Mamre, Cape West Coast

A Cultural and Heritage Treasure on the West Coast

DSC_2562

A mere 45 minute drive from Cape Town will find you stepping back 300 years in time.  I was on my way towards Darling, when I decided to make a visit to Mamre.  A sudden change in atmosphere and scenery approached as I drove into the Moravian settlement, nestled alongside a hill, 150 year old oak trees and white-washed cottages, a magnificent early 19th century Moravian church in the missionary settlement.  A great sense of tranquility set in, as I wondered through the property.

Friendly faces and a cafe where you can enjoy tea and scones makes it an idyllic pit stop to either stretch your legs, or a chance to immerse yourself in history.

Mamre was originally established in the late 1600’s by Cape Governor, Simon van Der Stel, as a military and cattle post to protect settlers and their cattle from the local KhoiKhoi (San), it later became a Dutch East India Company cattle farm, which it remained until the end of the 1700’s.

Then in 1808 the governor of the Cape, Lord Caledon, welcomed the establishment of a mission by Kohrhammer and Schmitt, two Moravian missionaries from Germany.  The missionaries transformed the abandoned military settlement and built a church, a school and a watermill, dated 1844, and laid out the picturesque settlement of white-walled, black-thatched cottages which still stands today. Originally known as Groenekloof (“Green Valley”), the town was named Mamre in 1854. The name means “an altar to the Lord” and is found in Genesis 18:1 ”The LORD appeared to Abraham near the great trees of Mamre while he was sitting at the entrance to his tent in the heat of the day.”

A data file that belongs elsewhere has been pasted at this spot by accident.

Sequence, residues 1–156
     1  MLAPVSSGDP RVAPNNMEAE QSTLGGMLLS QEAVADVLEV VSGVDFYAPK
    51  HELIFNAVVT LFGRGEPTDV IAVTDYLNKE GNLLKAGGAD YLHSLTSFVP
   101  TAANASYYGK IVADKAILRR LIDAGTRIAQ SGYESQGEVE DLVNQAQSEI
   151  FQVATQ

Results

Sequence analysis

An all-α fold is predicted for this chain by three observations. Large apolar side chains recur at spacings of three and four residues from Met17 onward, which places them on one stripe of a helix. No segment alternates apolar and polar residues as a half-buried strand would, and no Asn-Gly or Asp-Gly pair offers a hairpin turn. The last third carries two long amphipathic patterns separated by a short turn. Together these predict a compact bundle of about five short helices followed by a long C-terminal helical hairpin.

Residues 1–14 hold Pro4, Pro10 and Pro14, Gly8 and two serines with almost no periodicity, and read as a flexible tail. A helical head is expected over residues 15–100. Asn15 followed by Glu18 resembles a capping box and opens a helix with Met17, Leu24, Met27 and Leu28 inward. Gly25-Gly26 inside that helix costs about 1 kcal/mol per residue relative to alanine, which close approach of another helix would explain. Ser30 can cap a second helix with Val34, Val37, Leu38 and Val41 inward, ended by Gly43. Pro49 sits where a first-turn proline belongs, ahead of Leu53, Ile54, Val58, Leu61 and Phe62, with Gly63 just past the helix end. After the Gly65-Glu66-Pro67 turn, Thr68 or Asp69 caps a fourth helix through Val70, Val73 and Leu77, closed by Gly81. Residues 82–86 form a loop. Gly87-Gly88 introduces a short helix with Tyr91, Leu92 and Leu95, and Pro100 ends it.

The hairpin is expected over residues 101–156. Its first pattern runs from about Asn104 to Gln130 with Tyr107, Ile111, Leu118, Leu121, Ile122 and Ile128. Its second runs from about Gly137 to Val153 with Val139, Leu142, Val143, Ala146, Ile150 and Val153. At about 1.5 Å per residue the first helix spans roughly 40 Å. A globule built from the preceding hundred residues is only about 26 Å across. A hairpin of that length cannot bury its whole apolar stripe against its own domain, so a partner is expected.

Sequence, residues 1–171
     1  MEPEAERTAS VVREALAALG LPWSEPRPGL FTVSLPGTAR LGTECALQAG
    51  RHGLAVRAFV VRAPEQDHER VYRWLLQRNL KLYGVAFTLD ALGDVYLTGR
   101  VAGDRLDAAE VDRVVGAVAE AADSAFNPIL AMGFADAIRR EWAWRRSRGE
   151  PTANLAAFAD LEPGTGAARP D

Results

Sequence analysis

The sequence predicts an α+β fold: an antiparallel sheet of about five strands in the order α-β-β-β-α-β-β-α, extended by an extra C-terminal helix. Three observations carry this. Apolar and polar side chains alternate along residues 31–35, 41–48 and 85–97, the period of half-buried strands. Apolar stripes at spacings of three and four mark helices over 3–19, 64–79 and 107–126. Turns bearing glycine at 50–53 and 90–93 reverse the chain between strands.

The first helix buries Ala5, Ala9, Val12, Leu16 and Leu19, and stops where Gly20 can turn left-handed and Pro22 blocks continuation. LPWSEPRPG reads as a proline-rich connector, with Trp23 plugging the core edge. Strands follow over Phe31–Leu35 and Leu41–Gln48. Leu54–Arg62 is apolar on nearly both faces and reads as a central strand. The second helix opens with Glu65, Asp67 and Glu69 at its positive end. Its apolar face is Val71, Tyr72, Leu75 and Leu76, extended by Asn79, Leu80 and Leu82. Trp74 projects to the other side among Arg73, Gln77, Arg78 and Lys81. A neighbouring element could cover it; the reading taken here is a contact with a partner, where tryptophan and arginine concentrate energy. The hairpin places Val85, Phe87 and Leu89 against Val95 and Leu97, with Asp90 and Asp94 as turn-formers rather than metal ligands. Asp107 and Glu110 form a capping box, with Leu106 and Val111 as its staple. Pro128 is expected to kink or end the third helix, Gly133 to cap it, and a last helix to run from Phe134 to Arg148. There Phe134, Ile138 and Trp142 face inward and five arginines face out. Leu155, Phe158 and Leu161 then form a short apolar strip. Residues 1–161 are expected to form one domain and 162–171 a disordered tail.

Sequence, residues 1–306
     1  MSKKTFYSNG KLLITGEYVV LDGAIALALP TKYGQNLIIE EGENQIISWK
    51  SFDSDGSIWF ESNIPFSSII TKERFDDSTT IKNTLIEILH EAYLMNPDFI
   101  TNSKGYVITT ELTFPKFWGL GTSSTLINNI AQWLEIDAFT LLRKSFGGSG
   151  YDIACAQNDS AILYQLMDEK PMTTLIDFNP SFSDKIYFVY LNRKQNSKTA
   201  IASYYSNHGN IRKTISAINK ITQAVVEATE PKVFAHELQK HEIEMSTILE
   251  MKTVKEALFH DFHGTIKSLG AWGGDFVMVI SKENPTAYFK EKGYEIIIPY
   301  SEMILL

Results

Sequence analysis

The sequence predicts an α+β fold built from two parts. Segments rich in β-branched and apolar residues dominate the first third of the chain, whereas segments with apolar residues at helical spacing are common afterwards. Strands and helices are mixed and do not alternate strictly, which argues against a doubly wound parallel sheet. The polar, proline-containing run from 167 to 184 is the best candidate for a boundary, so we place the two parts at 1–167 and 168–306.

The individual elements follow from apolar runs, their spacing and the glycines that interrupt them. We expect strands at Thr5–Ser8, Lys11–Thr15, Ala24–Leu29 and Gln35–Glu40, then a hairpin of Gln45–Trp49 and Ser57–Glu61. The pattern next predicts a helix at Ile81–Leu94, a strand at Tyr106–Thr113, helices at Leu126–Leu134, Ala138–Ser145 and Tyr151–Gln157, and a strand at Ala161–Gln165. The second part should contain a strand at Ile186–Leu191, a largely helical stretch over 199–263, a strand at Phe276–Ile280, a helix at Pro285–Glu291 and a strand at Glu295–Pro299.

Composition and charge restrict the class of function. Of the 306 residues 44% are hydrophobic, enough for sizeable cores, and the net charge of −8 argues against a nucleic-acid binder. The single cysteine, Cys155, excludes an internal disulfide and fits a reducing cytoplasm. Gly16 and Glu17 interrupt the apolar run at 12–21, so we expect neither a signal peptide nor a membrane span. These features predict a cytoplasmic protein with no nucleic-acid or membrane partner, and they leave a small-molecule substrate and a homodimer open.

The original church and surrounding buildings retain their original charm and were listed as national monuments in 1967.  The watermill has been lovingly restored and the church is still used for services and is packed to capacity on any given Sunday.

DSC_2578.jpg

Together with Tori Oso (the old shop) and local tour guide Joey Titus, you are able to take a historical tour of the settlement.  Booking arrangements can be made via O’Live To Travel in advance.

mamre-map-west-coast-way-map.jpg

2 Comments Add yours

  1. thank you for your inspiring words and photos…I shall definitely be visiting this treasure of a town very soon X

    Liked by 1 person

Leave a Reply

Fill in your details below or click an icon to log in:

WordPress.com Logo

You are commenting using your WordPress.com account. Log Out / Change )

Twitter picture

You are commenting using your Twitter account. Log Out / Change )

Facebook photo

You are commenting using your Facebook account. Log Out / Change )

Google+ photo

You are commenting using your Google+ account. Log Out / Change )

Connecting to %s